Beautiful Things

You are walking through the neighborhood, not a brisk walk; this is a stop and smell the roses kinda walk. You are wearing your flip flops because you intend to move slowly; you simply love the way the leather feels on your feet. The sunlight is shining brightly into the fabric of your skin, and you begin to radiate. The greenness of Portland is all around you. The smells remind you of so many wonderful things and leave you craving even more. The beauty around you is overwhelming. Why did God make so many beautiful things? It was truly an act of grace and kindness – why else would he shower you with these gifts? He loves you so much!

You continue strolling through the beautiful things, and they nearly draw you to tears. They are so beautiful. What is it about beautiful things that can lead a man to tears? A newborn baby, his bride, the sunset, an old growth tree, a blooming flower, the changing colors of fall….

You were once told that it is God’s kindness that leads you to repentance – perhaps you are now beginning to realize what that means. Repentance is the act of turning away from your selfish desires and turning towards the will of the Father. What if you are somehow brought to tears by beautiful things because it is his kindness actually drawing you to repentance, helping you realize that the fading beauty of this world is only a mere glimpse of the beauty of the new heaven and earth that await you. In that day you will find true rest and true beauty.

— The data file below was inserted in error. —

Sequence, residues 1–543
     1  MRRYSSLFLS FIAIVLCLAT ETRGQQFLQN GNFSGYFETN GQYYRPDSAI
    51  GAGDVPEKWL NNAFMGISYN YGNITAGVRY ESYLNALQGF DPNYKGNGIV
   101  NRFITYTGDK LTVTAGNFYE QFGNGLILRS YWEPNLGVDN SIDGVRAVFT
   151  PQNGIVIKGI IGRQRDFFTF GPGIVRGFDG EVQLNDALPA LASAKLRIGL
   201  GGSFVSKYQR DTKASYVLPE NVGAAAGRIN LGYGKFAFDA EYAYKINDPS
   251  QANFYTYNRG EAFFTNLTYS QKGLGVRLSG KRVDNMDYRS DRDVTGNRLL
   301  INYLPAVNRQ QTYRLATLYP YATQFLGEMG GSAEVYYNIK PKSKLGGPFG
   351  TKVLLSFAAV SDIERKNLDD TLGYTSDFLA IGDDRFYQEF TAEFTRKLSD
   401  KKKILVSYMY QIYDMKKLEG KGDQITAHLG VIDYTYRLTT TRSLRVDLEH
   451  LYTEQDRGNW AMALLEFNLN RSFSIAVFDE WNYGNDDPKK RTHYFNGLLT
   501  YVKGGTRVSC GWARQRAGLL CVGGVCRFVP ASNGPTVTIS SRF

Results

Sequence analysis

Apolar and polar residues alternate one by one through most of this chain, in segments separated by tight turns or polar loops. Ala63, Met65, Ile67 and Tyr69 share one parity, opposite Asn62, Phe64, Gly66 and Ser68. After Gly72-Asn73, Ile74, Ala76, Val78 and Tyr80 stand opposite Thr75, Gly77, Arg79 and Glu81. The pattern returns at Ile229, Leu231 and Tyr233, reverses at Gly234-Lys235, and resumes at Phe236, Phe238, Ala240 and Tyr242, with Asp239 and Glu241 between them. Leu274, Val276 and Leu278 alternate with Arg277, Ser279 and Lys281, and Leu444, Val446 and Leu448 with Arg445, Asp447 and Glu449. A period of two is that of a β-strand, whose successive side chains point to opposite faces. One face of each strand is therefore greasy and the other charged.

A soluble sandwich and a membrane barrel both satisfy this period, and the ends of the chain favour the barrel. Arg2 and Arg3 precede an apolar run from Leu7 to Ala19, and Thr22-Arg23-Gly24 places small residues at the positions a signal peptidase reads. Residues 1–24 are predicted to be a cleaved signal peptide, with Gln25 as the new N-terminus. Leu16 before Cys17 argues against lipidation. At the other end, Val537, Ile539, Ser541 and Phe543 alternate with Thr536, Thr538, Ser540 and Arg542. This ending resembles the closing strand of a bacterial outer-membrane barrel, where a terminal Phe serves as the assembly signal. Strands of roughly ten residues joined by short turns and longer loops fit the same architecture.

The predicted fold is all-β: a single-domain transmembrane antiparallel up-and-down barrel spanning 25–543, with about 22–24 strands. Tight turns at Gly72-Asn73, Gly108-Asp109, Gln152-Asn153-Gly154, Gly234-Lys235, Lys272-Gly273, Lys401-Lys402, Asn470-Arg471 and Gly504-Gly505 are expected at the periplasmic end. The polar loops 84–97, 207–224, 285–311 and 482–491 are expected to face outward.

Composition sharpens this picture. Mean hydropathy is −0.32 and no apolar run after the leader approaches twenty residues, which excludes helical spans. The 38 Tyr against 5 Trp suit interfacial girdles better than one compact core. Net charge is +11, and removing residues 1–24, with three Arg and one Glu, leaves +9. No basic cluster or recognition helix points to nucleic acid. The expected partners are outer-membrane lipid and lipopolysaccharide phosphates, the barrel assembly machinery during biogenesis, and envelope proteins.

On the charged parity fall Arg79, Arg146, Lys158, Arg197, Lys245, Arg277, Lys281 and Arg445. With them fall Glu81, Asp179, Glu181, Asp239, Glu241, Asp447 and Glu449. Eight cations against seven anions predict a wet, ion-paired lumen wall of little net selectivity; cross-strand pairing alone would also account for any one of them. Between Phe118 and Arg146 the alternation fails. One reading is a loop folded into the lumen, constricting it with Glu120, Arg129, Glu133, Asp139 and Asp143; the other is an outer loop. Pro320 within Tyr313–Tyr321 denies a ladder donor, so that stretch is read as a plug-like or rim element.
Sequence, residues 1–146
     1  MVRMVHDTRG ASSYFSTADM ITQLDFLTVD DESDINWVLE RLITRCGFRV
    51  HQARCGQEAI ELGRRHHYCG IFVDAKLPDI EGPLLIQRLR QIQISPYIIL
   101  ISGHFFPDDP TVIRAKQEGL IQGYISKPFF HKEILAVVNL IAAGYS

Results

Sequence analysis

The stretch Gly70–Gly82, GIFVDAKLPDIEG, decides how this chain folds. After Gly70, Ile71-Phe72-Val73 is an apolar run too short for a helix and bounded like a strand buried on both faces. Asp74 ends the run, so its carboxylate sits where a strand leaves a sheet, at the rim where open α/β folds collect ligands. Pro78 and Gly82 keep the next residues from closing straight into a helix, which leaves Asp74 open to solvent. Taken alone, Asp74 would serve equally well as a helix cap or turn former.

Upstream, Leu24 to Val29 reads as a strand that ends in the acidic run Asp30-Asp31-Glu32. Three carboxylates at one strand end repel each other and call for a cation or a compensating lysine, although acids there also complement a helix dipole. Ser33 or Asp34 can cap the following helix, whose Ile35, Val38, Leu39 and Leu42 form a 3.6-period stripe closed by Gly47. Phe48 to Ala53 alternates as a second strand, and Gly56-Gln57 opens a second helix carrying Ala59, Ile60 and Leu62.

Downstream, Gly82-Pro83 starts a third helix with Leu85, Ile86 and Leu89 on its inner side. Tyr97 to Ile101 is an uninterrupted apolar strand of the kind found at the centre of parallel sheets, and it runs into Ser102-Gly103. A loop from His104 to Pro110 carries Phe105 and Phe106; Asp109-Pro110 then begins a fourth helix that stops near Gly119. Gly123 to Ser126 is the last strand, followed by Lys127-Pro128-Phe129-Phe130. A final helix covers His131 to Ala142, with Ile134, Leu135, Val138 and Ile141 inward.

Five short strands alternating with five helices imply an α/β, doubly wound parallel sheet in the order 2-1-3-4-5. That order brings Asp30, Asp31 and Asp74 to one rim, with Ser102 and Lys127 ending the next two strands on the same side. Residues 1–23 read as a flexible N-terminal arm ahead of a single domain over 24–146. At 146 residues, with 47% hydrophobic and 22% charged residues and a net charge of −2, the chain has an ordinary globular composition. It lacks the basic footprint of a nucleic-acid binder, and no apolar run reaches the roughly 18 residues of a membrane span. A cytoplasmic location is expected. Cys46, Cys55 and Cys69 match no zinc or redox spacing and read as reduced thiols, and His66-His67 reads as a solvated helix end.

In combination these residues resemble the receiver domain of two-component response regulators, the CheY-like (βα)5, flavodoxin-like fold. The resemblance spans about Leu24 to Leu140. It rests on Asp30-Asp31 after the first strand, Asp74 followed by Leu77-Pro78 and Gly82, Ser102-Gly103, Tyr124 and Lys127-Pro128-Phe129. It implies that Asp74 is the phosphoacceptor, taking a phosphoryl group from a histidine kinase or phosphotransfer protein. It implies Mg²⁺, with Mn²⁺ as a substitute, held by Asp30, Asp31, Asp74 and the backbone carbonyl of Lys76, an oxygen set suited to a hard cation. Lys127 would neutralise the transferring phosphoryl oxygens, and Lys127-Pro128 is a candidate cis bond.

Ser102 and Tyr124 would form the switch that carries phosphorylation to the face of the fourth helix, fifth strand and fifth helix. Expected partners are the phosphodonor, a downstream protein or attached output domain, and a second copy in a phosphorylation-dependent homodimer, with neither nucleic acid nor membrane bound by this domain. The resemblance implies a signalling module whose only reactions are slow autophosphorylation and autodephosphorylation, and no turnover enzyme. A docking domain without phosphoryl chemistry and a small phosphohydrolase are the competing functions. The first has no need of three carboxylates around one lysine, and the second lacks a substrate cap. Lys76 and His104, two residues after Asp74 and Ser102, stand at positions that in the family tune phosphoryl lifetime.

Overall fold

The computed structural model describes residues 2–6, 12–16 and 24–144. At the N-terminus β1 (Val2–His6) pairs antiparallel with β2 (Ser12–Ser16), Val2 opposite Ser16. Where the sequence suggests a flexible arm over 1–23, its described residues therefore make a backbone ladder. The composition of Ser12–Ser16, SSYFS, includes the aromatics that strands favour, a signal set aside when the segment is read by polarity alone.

For the Love of the Ride

So excited you can hardly sleep. Will your alarm go off? Does it matter? You will probably wake up before it goes off anyway because of the eagerness. You’re anticipating the first “real” mountain bike ride of the season. Sure, you have ridden a few little short rides on local trails that contain no technicality, but this ride is “real” because it will be hard. You realize that the pain, suffering, and work are truly what make a ride epic. The only race you face is getting all your stuff together in time so your teammates don’t leave without you. Did you start riding to race – no! You started riding because it was fun and this ride is all about having fun.

Gears? Single speed? 29er? 26er? Rigid? Hardtail? Full-suspension? Cross country? All-mountain? Who cares!? No one cares what you are riding, as long as you are having fun. You all cram into one suburban – never thought it would be possible to fit six men with all their gear and six bikes into one vehicle, but you all made it happen.

During the drive there you all talk about life. Work. Family. Things that matter. Perhaps you are talking about these things as a way to ignore the fact that you will be climbing 4,000 feet on a mountain bike. Perhaps you are talking about these things because you are a team, and you truly care about each other. Perhaps a little of both. You love your team.

You pull in to the parking lot, 20 or so cars already parked. You look at your watch – wow – that is a lot of people for being so early. It is a little on the cold side but you know it will get hot real fast because of the brutal climb that lies ahead. You grab your bike; you look at the other bikes…you like your bike. It is you. You are one with your bike.

You roll out. You thank your wife in your head for making pancakes and eggs; you know that you will be burning every single one of those calories in the next 3 hours. You pray to God to protect you and your friends, knowing full well that anyone of you could get seriously injured.